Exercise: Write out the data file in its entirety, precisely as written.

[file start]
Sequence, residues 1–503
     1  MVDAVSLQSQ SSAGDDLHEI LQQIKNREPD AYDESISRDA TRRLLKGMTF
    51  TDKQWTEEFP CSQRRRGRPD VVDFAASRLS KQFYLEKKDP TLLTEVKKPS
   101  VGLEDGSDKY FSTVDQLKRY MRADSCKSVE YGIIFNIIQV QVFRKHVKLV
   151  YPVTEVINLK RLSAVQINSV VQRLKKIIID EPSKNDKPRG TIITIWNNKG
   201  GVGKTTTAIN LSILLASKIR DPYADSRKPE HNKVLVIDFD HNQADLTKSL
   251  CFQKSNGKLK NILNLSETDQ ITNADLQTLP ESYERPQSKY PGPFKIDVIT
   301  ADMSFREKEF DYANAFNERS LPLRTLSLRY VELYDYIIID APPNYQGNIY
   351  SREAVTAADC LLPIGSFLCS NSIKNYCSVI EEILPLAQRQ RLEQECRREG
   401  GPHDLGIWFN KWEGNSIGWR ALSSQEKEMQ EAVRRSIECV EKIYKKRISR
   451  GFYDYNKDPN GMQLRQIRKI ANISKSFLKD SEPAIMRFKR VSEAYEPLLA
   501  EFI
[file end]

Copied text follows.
Sequence, residues 1–503
     1  MVDAVSLQSQ SSAGDDLHEI LQQIKNREPD AYDESISRDA TRRLLKGMTF
    51  TDKQWTEEFP CSQRRRGRPD VVDFAASRLS KQFYLEKKDP TLLTEVKKPS
   101  VGLEDGSDKY FSTVDQLKRY MRADSCKSVE YGIIFNIIQV QVFRKHVKLV
   151  YPVTEVINLK RLSAVQINSV VQRLKKIIID EPSKNDKPRG TIITIWNNKG
   201  GVGKTTTAIN LSILLASKIR DPYADSRKPE HNKVLVIDFD HNQADLTKSL
   251  CFQKSNGKLK NILNLSETDQ ITNADLQTLP ESYERPQSKY PGPFKIDVIT
   301  ADMSFREKEF DYANAFNERS LPLRTLSLRY VELYDYIIID APPNYQGNIY
   351  SREAVTAADC LLPIGSFLCS NSIKNYCSVI EEILPLAQRQ RLEQECRREG
   401  GPHDLGIWFN KWEGNSIGWR ALSSQEKEMQ EAVRRSIECV EKIYKKRISR
   451  GFYDYNKDPN GMQLRQIRKI ANISKSFLKD SEPAIMRFKR VSEAYEPLLA
   501  EFI